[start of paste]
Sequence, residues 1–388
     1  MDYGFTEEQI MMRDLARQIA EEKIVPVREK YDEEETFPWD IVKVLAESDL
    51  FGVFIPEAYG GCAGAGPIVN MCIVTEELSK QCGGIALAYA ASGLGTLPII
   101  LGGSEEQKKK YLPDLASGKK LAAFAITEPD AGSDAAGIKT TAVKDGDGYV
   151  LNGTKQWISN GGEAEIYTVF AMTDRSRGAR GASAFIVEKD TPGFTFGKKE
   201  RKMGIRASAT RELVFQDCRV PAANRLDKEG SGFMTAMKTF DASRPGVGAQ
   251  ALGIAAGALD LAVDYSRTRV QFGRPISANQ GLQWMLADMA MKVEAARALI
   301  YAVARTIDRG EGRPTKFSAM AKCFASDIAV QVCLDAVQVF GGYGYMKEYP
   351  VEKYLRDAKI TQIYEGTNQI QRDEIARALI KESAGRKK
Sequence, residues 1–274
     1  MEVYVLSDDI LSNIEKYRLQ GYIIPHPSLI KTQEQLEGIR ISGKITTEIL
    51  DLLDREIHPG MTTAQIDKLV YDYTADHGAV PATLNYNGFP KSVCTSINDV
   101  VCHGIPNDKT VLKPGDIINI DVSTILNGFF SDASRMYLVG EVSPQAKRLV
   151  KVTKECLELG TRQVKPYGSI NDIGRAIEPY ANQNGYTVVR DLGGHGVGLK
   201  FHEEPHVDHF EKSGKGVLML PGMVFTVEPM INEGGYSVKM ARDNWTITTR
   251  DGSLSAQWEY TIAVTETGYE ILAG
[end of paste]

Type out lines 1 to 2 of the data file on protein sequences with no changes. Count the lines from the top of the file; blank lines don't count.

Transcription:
Sequence, residues 1–388
     1  MDYGFTEEQI MMRDLARQIA EEKIVPVREK YDEEETFPWD IVKVLAESDL